The railroads did not have network neutrality until after World War II. It was cheaper to ship raw materials east and north than south or west, and it was cheaper to ship manufactured goods west and south than north and east. When the government told the railroads to stopping peeking into packets, in this case rail cars, the south and west finally started to develop industrially. The interstate highways copied this model. The New York Thruway could have had differential tolls based on cargo and direction, but they didn't, nor did any other interstate highway, and we have more rational industrial distribution nowadays.

Whenever you hear talk about the new south or rising west, remember, that was nasty, evil government regulation of good, honest, benevolent private industry.

I couldn't agree more with the other posters...let the market solve any problems that arise, not Congress! Very few people would tolerate blocked or degraded services or a dramatic price jump. And the bottom line is that we pay the rent!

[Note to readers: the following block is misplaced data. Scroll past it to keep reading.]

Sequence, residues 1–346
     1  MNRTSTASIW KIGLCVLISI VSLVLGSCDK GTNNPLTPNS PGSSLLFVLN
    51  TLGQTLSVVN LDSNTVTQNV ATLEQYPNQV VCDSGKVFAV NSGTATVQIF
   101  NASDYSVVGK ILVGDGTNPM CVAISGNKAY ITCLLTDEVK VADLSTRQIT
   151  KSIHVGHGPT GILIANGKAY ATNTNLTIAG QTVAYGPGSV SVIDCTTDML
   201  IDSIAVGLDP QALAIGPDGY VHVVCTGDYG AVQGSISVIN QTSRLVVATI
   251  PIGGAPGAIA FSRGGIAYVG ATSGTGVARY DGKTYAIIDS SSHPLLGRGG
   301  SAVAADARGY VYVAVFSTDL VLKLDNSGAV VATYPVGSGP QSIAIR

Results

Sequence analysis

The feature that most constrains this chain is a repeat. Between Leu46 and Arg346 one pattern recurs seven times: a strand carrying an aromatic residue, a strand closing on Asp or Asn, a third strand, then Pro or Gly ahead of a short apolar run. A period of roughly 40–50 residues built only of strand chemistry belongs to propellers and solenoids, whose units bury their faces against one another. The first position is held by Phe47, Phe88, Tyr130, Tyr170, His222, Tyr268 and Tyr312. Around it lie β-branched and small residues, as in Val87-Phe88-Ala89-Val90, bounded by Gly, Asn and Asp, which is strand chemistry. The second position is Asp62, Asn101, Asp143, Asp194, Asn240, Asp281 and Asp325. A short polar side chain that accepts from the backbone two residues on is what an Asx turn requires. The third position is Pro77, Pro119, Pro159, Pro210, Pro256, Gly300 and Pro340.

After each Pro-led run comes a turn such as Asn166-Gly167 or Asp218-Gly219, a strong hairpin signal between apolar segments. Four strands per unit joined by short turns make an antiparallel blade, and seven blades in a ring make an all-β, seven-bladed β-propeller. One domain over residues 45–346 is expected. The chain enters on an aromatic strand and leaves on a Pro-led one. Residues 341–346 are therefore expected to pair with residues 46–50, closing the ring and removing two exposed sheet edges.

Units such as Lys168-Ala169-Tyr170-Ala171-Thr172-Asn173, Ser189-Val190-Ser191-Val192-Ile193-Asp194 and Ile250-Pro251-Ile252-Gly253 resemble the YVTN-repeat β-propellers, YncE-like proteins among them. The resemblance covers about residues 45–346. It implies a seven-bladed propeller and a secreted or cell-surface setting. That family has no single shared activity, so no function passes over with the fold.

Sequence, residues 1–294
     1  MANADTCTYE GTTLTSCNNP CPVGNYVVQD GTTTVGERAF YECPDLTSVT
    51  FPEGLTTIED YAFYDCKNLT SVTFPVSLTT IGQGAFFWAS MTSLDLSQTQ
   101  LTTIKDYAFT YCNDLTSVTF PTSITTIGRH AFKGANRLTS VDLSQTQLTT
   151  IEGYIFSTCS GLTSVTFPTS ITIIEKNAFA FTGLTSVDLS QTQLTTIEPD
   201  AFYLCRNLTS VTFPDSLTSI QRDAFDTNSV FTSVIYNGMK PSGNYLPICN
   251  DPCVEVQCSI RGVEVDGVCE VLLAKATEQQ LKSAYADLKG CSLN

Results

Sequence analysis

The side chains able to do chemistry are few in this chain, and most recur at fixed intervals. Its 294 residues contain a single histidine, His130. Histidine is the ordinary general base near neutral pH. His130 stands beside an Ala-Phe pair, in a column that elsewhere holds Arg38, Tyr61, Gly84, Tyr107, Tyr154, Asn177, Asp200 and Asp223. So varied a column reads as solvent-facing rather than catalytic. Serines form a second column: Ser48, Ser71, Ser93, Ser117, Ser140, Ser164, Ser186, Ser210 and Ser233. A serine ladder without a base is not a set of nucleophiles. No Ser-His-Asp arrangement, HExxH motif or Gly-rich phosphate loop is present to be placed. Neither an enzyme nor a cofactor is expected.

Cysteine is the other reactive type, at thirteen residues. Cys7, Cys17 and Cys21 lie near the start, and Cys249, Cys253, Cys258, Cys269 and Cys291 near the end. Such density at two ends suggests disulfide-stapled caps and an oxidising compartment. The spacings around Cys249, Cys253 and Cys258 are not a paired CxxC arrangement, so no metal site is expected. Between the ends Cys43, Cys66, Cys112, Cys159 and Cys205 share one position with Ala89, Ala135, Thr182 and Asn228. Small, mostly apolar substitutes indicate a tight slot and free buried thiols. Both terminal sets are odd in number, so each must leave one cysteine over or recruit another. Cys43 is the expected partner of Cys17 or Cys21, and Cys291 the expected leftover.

Readers of this comment thread should know that pkp646, Paulaner01 and lessgov look to be part of a tag-team of industry shills who invade blog comments on net neutrality or other issues to argue against any government regulation of the Internet. Other names who run with this crowd are John Rice and oldhats. (Google any of these names in combination and you'll see how their game works).

By tag-teaming the blogs this small handful of individuals gives the false impression of broad popular support for their industry-friendly position.

I'd like these people to tell us how it is that they appear together (usually one after the other) spouting identical industry talking points across the blogosphere.

What gives fellas? Are you being paid?

Add new comment